NAIROBI, September 19 – The number of Kenyans having access to affordable and accessible insurance covers is set to increase in the coming months following the introduction of an insurance product that can be bought via the mobile phone.
Kenya Orient Insurance on Friday launch the 24-hour personal accident cover dubbed ‘Safari Bima’ where customers will be required to subscribe through the Short Message Service (SMS). The cover would be valid for 24 hours and the insured is required to send SMS everyday to enjoy the cover.
“Insurance cannot be taken for granted because tragedy may strike when you least expect and one needs to be prepared. The product can be accessed at anytime from whenever you are through your mobile phone. This is about insurance going to the people,” said the company’s General Manger Virginia Magondu.
Speaking during the launch, Magondu explained that customers would be charged Sh30 per day for the SMS service which entitles them to a cover of Sh100, 000. The charge is deducted from the airtime.
She said users will be required to send an SMS with their particular details such as the national identity number, cell phone numbers and the name of their beneficiaries to 8808.
To access the product, she added, customers will need to send the ID No#beneficiary mobile number#name of beneficiary to 8808.
“For example: 123456#072000000#John and send it to 8808,” she explained.
Magondu noted that the phone had increasingly progressed from being a mere communication tool to an attractive facilitator for transactions and the industry should use it to increase the insurance penetration rates in the country.
“The mobile phone has become the ultimate source of accessing information, sending and receiving money, reading news, paying bills and now accessing affordable insurance products,” she added.
She emphasized that the product would also help demystify the negative perception that the public had about the industry and help make insurance available to the lower segment of the market.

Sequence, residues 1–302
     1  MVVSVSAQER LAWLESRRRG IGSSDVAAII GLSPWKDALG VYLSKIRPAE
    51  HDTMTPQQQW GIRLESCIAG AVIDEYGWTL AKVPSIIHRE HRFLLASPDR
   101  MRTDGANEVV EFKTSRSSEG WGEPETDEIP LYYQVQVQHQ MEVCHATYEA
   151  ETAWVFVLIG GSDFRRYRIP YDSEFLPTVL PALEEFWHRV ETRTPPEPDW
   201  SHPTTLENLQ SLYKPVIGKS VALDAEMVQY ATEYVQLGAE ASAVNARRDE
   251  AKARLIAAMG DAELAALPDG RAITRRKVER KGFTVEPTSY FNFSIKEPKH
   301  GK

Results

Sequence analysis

“Kenya Orient wants to demystify the notion that insurance is only for those who can afford,” says Magondu.
Speaking during the same function Insurance Regulatory Authority (IRA) Technical Manager Agnes Ndirangu urged players to be innovative and develop products that can attract the ordinary citizens.
Ndirangu noted that the sector had contributed to economic development by assisting in the mobilization of savings and the provision of security to people against a multiple of risks.
In 2006, the sector contributed about 2.5 percent to the country’s GDP which is a insignificant figure compared to 16 percent posted by South Africa’s insurance industry.
“We still have not reached many more Kenyans with affordable products but we believe that the industry can benefit from the economic progress as more Kenyans are able to afford disposable income,” she added.
The manager revealed that they IRA had established a research and development department that would help them to address the impediments that hinder the growth of the market.
IRA – whose board members were inaugurated in December 2007 – replaced the office of the Commissioner of Insurance following the enactment of the Insurance (Amendment) Act 2006.